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Inmate Accused of Molesting Girl on Her Prison Visits

Courts: He is being prosecuted for allegedly continuing to abuse his stepdaughter after his release. State official defends agency policy.

July 11, 2002|ANNA GORMAN | TIMES STAFF WRITER

A convicted felon repeatedly molested his 8-year-old stepdaughter during family overnight visits at Corcoran State Prison, the Los Angeles County district attorney's office has alleged.

Eugene Leonard Lee spent five weekends with his wife and stepdaughter at the prison south of Fresno while serving an 18-month sentence for driving drunk with a prior manslaughter conviction, according to records.

California Department of Corrections spokeswoman Margot Bach defended the prison visiting policy, saying there was no way the alleged abuse could have been predicted. She said the department did not learn of the allegations until after Lee's release.

"There was no reason for us to suspect that any molestation was going on," she said.

The case raises troubling questions about how to safeguard children, said Kristin Hall, who works at the Sexual Assault Crisis Agency in Long Beach.

"It's disturbing that a child is going to be sexually abused at all, especially if it's in that setting," said Hall, director of community education and outreach for the agency. "You would expect that children would be safe there."

Family visits take place on prison grounds in small, furnished apartments. The visitors bring food and can spend one or two nights at the apartment. During the visit, correctional officers check on the inmates at least four times a day, Bach said.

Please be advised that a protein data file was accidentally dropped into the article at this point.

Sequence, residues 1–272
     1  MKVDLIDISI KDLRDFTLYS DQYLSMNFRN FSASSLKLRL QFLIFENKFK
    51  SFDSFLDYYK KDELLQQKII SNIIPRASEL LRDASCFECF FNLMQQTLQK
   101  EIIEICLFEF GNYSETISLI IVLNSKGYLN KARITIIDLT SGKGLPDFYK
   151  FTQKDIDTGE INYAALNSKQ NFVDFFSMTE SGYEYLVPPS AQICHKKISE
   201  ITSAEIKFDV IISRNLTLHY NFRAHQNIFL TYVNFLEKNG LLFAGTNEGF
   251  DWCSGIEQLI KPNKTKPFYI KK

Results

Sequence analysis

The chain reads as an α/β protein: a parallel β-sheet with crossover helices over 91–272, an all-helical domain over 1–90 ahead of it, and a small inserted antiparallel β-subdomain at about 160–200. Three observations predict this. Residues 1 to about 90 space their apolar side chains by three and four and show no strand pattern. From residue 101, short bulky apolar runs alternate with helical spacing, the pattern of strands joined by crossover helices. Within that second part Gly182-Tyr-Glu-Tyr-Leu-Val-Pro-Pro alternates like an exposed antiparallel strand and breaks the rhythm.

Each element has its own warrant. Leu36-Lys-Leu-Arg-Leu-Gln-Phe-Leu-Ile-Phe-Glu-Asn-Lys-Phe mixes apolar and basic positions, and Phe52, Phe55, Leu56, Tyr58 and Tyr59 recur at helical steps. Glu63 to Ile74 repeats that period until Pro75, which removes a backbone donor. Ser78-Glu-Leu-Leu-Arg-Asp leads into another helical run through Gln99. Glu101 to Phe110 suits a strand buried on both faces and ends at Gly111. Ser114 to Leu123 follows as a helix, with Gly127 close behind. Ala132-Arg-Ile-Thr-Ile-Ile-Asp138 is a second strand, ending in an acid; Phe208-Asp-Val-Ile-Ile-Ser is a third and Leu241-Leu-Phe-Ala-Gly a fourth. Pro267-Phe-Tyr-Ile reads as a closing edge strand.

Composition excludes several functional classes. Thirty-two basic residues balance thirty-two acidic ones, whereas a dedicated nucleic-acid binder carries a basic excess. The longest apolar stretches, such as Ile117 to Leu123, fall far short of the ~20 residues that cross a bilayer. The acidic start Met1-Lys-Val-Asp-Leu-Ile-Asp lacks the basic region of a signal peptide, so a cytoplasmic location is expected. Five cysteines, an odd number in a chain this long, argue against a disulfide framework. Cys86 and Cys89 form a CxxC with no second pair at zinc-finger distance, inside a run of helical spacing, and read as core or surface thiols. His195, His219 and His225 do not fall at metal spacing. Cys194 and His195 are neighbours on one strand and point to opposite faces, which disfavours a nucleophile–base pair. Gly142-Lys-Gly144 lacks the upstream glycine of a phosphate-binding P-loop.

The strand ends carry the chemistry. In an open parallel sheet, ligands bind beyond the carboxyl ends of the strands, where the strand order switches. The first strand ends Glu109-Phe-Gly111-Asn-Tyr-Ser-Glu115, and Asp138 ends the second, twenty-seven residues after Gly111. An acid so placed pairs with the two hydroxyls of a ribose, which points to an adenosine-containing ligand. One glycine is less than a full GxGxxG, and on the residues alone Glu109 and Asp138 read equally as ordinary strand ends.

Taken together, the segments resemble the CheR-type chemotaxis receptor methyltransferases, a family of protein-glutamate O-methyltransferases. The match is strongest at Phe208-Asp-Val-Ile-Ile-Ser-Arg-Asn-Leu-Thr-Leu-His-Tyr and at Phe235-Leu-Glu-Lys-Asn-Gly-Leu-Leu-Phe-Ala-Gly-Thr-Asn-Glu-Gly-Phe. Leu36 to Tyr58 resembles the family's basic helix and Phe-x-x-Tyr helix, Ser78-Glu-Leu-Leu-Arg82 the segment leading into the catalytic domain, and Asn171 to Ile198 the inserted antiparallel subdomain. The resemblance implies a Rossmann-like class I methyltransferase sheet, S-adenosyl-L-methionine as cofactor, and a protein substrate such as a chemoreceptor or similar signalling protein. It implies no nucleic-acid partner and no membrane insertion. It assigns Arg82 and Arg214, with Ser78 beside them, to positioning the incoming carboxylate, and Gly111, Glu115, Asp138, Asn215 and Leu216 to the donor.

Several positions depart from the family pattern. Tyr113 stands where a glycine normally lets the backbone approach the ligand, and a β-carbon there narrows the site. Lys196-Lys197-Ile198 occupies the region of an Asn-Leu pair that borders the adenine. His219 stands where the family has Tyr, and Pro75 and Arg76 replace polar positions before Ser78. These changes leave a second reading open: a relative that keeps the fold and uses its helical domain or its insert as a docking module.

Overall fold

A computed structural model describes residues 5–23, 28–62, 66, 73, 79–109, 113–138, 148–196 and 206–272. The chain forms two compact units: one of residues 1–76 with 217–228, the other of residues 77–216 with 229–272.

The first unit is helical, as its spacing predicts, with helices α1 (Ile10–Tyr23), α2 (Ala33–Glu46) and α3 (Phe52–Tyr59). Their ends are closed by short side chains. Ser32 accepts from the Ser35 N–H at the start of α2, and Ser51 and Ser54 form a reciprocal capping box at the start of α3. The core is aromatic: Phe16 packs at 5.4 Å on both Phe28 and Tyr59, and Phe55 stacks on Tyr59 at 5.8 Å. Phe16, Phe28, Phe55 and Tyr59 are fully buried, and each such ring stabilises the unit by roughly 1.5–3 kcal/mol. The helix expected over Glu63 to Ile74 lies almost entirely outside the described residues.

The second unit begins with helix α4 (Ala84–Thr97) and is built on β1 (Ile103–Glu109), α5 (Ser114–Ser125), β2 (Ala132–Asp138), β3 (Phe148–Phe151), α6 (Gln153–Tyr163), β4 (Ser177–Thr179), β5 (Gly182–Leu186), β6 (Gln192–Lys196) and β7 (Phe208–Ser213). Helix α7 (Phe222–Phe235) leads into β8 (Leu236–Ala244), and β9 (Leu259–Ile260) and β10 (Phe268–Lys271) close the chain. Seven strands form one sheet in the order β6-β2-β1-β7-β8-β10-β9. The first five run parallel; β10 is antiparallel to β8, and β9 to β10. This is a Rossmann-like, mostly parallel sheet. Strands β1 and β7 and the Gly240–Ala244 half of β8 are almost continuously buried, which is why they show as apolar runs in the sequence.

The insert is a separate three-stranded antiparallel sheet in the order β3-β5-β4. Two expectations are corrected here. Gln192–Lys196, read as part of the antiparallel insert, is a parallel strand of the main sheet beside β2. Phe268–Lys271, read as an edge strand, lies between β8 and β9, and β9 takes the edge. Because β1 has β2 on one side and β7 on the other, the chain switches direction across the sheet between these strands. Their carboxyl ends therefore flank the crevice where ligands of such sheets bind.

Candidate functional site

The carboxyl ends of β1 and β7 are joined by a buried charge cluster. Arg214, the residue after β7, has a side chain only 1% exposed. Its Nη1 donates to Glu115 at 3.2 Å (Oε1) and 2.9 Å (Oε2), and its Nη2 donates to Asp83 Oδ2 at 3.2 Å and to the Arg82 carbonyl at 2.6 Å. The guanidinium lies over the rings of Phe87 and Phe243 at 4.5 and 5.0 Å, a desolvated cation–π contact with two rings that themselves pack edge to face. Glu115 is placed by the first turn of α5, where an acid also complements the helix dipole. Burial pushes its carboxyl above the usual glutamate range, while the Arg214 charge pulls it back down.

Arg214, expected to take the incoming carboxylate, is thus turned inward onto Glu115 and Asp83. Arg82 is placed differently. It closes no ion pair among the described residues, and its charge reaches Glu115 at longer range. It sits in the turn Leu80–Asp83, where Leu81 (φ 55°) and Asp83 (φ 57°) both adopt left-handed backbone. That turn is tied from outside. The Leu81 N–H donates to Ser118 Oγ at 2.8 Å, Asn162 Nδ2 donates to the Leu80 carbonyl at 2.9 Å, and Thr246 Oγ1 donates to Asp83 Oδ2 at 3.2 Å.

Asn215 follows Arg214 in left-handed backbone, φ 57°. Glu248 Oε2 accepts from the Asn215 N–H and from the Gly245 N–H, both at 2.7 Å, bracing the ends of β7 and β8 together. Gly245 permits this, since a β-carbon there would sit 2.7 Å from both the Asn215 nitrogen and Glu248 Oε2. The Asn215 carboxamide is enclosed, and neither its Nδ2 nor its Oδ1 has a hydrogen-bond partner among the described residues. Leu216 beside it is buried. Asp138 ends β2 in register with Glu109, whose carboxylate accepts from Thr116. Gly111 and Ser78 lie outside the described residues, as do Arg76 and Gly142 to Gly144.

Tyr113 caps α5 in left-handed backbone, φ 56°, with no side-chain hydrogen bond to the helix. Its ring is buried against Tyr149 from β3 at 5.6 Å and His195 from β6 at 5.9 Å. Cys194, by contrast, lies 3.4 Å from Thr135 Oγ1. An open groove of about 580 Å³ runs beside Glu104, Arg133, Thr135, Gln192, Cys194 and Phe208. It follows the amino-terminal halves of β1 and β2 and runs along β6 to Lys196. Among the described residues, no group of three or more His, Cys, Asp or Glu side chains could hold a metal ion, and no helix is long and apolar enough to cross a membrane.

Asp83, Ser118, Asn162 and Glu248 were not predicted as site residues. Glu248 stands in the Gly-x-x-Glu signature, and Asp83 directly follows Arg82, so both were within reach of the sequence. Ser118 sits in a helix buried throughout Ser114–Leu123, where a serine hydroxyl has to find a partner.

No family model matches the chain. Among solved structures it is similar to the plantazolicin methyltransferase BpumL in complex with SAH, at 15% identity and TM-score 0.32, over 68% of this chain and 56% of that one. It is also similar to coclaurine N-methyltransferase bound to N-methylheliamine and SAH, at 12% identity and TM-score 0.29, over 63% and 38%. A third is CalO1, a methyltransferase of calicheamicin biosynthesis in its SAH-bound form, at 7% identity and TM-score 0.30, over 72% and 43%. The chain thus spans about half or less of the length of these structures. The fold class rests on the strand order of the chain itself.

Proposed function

The department does not plan to independently investigate Lee's actions while he was in prison, Bach said, but will cooperate in the Los Angeles case, in which Lee is charged with abusing his stepdaughter after his release. Lee was housed at a substance abuse treatment facility at the prison from Aug. 23, 2000, to March 18, 2002. He had previously served time for vehicular manslaughter and had been convicted in the latest instance of drunk driving.

Los Angeles prosecutors said Lee fondled his stepdaughter and forced her to touch him while at Corcoran. Deputy Dist. Atty. Richard Goul said the inmate should never have been allowed overnight visits.

"There is a sense of moral outrage at the irresponsibility of the state prison system to allow any convicted felon to be alone with a child, especially a felon who was convicted of killing someone," he said.

Lee allegedly continued the assaults after his release from Corcoran until the abuse escalated into a "horrifying three-day period" between April 21 and 23, Goul said.

Lee faces three counts of aggravated sexual assault of a child, two counts of forcible rape and one count of a forcible lewd act with a child. He is scheduled to appear July 25 in Superior Court and, if convicted, faces 69 years to life in prison. His wife, who reported the alleged abuse to authorities in April, does not face any criminal charges.

Goul said he plans to present evidence of the alleged Corcoran crimes at trial. That evidence will probably include testimony from the stepdaughter and what the prosecution says is a taped admission from Lee.

Prosecutors did not file charges on the alleged molestation at Corcoran because Lee is already facing a possible life sentence from the other charges and because there were potential "jurisdictional hurdles" with the prison case, Goul said.

Bach said the Corrections Department is very careful how it reviews requests for overnight family visits. Inmates convicted of sex crimes or violent acts against family members are not eligible.

Staff at Legal Services for Prisoners With Children agrees that the abuse, if it did occur, was horrible.

But Donna Willmott, the family advocacy coordinator, said this is the first time she has heard of such a case. She said she hopes it doesn't lead to more restrictions on family visits in prisons.

"I can see the possibility for this going in a direction that would make even more draconian measures that would have very negative impacts on children," she said.

Willmott said the overnight visits are crucial in helping inmates preserve relationships with their families so they are able to reintegrate into the community upon release.

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